Collaboration with other software
About model and data exchange with 3rd party solutions: Revit, Solibri, dRofus, Bluebeam, structural analysis solutions, and IFC, BCF and DXF/DWG-based exchange, etc.

Dull edge to the Graphisoft sword - losing its identity

Anonymous
Not applicable
So Graphisoft pioneered the concept of BIM, aka "Virtual Building™" - that is of course virtual building with a 'TM' on the end. These two words sum up the BIM concept brilliantly. Whenever I need to explain the concept of BIM to a client I just tell them that we create a 'virtual building' and they understand immediately. These words also flow straight into the big growth field of 'virtual construction'.
Why is it then then that others are allowed to grab on to the virtual building branding? ... and are doing more with it.
First off 4D Virtual Builder for Sketchup. This is potentially an incredible product. We all know that sketchup is snapping at bigger BIM's toes. Thais takes it a step further - to 4D visualisation.
Next up Virtual Build Technologies now featuring RhinoBIM.
So the 'virtual building' branding is not just being taken up by any old companies in any old industries - but perhaps the two most up-and-coming alternative platforms for architects limited by current BIM modeling possibilities - Sketchup and Rhino.
Maybe an IP expert out there can say whether there is even a case for GS.
As it is 'Virtual Building' is nowhere on Graphisoft's home page (except for a link to Virtual Building Exlorer). And there is no obvious link to the 'Virtual Building Concept' page either.
I can't help but think that if a certain California based company owned this branding asset they would be promoting and protecting it vigorously.
15 REPLIES 15
owen
Newcomer
i don't think that Quarterly Report is saying anything negative about Graphisoft really ..

other than Nemetschek seem to have taken out a substantial loan to purchase the company and had hedged against moves in the interest rate on the loan - thats what the 'negative value' was in reference to as i understand

if anything i would think given the investment Nemetschek have made in Graphisoft they are not going to throw it away by underfunding it when the competition is starting to gain ground
cheers,

Owen Sharp

Design Technology Manager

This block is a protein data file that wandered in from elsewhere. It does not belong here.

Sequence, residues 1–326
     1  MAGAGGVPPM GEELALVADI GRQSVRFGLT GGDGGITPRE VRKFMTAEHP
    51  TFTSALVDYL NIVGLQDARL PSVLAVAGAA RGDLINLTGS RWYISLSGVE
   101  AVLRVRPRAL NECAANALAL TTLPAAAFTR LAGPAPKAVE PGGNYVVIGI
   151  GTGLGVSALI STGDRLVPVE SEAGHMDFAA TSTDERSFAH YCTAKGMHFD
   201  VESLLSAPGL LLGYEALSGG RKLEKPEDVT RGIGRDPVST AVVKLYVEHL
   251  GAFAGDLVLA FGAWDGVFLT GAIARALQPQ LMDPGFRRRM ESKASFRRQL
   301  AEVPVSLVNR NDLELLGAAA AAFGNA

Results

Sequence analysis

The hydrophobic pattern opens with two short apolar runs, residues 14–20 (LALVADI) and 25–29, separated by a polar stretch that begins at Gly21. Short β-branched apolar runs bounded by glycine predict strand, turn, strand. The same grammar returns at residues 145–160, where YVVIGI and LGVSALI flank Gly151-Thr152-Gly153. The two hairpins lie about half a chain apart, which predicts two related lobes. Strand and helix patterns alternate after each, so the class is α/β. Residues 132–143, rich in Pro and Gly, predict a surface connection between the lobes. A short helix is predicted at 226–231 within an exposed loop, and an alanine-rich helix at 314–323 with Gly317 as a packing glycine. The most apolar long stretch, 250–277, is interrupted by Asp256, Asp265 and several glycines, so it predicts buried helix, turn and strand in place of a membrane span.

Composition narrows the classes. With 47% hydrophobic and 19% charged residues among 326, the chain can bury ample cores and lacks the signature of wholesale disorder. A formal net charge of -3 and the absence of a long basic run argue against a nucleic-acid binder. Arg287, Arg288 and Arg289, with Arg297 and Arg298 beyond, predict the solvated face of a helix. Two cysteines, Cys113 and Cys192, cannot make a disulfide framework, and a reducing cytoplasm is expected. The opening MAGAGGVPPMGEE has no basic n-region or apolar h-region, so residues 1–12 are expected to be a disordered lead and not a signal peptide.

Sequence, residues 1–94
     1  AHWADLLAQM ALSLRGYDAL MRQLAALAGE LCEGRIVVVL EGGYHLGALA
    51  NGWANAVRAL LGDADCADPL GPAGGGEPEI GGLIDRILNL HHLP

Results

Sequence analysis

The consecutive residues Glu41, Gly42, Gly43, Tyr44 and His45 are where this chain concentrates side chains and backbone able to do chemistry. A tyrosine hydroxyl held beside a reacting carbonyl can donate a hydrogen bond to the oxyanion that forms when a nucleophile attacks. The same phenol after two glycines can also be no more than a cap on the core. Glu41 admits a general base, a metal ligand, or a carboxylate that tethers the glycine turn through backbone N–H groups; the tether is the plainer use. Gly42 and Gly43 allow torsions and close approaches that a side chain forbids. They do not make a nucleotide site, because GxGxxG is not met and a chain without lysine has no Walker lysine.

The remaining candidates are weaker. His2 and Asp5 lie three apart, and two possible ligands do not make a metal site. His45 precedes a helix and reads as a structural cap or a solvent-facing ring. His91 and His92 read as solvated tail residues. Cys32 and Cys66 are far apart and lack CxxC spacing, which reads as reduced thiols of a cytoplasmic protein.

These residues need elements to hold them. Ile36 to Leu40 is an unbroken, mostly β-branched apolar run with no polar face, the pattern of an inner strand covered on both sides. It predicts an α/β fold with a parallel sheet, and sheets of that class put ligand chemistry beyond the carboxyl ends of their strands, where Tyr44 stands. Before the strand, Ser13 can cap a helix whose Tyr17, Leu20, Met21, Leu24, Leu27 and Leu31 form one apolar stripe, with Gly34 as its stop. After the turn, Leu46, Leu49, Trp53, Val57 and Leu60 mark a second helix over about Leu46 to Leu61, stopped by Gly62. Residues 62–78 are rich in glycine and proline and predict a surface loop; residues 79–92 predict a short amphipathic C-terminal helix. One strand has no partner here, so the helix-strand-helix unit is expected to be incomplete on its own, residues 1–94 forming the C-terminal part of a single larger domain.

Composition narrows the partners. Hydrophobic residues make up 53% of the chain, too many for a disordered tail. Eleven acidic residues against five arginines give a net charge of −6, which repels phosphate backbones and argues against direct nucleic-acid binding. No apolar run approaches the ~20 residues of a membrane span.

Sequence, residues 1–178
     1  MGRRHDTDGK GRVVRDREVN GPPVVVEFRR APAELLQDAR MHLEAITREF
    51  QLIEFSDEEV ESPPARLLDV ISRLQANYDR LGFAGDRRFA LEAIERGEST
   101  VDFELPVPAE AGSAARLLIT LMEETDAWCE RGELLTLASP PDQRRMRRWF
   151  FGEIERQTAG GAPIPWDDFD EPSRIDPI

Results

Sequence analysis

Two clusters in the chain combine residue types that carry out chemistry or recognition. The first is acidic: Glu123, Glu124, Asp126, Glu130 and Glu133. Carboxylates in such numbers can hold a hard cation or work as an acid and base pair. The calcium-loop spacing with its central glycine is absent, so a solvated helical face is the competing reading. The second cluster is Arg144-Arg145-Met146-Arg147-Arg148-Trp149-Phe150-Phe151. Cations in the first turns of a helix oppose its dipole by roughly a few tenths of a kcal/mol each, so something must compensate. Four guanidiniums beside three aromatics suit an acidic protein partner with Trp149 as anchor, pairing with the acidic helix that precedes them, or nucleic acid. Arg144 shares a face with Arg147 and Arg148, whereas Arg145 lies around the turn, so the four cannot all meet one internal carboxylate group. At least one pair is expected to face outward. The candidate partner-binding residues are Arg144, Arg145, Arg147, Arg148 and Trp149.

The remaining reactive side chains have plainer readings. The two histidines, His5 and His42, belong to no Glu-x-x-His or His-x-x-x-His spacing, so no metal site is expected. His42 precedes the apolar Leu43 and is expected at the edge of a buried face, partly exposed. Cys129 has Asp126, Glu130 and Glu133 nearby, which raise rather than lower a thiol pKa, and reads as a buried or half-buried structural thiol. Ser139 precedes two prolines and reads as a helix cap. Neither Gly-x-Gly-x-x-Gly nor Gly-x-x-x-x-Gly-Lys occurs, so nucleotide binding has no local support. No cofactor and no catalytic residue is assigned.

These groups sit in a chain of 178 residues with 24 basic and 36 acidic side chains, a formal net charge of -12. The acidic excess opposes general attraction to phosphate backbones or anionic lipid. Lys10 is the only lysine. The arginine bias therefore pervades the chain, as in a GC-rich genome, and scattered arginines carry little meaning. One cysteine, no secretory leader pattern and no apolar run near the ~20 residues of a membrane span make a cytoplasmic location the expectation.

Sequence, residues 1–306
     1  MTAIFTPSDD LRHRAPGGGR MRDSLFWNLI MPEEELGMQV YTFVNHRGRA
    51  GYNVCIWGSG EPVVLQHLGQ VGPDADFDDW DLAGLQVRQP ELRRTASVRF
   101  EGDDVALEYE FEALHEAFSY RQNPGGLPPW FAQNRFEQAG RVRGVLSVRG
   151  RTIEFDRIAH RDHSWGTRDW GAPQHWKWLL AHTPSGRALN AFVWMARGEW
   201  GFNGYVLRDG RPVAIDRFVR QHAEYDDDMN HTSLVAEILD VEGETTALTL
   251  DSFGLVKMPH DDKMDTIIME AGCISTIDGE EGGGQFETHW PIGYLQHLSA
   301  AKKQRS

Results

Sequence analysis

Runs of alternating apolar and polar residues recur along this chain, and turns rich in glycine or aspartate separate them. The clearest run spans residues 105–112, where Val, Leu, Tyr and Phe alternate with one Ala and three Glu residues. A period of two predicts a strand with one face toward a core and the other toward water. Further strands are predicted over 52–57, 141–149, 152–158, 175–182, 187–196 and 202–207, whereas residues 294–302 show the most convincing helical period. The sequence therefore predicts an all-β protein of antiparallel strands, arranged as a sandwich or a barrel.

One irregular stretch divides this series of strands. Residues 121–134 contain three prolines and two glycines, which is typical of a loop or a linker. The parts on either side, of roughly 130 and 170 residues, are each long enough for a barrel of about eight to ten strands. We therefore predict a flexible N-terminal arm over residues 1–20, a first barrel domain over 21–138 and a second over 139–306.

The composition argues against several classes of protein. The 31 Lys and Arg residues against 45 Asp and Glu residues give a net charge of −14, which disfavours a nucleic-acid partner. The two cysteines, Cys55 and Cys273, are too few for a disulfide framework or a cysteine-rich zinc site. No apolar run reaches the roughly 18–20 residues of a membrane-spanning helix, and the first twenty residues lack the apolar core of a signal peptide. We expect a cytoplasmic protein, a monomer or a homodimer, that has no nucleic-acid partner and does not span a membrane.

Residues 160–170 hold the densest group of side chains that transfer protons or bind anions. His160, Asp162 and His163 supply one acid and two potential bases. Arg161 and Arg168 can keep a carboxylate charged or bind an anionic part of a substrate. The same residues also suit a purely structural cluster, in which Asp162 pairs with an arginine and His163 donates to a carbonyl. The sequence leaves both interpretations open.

fjmt | francis-jones morehen thorp

iMac 27" i7 2.93Ghz | 32GB RAM | OS 10.10 | Since AC5
Anonymous
Not applicable
I really can't see AC being bought out by Adesk -- the TW technology is something Adesk could develop in-house; in fact they have considered but resisted having a server-side app to manage the Revit database because they've tried to keep things as simple as possible for users. ...Feature creep notwithstanding

There appears to be a thick veil between the users and what's happening at Graphisoft HQ -- even thicker than the one we have. The real story is what is happening there -- how's morale? How's the vision going? Do they have a fighting spirit to compete in this growing market? It's not nascent any more: we're coming into BIM maturity, and we need more players, not less, at the table.
Anonymous
Not applicable
No, Autodesk really does not need AC now - it may have thought about it back then but how times change. My point was that there is a lot more fight in the Autodesk dog - and it also happens to be a bigger dog than NM.
Re the quarterly report - I was attempting to read between the lines (admittedly without an MBA) - but from the evidence NM is not employing a single branding entity strategy like Adesk - and in the current circumstances it looks pathetic by comparison. In order for the 'multi-company' strategy to work under the NM umbrella I can't help but think that GS would be under pressure to pay its way and justify the millstone cost of financing that completely cancels out the NM (GROUP) cash.
In an Adesk type environment that burden might be a small hurdle on the route of a clear growth strategy. Here it just seems like an inconvenience.
No focus. No clear group strategy. No grooming of brands to be killers.
Perhaps a future business school case study.
Anonymous
Not applicable
I think Revit's technology and depth of programming mettle is what caught Autodesk's eye. When it was bought out, the software was immature and they had not yet solved many of the scalability and collaboration problems Revit had in 2002. But they had the smarts to dig out of that hole (and AC's TW feature was a model for them on how well things could work!) and they continue to be able to fund Revit's development.

So on the other hand, I don't think Adesk ever seriously considered a buyout of ArchiCAD -- at least I have heard no such story. Revit actually spurned an earlier buyout from Autodesk, so the story goes, but eventually succumbed as they had run out of cash.
Anonymous
Not applicable
I take your point. It was probably only an 'all options' consideration and not very serious. I had read an interview that mentioned it a long time ago.
rm
Expert
amonle wrote:
I take your point. It was probably only an 'all options' consideration and not very serious. I had read an interview that mentioned it a long time ago.
Off topic.....

John,

Checked out your website, your work is smoking....really nice!
Robert Mariani
MARIANI design studio, PLLC
Architecture / Architectural Photography
www.robertmariani.com

Mac OSX 13.1
AC 24 / 25 / 26

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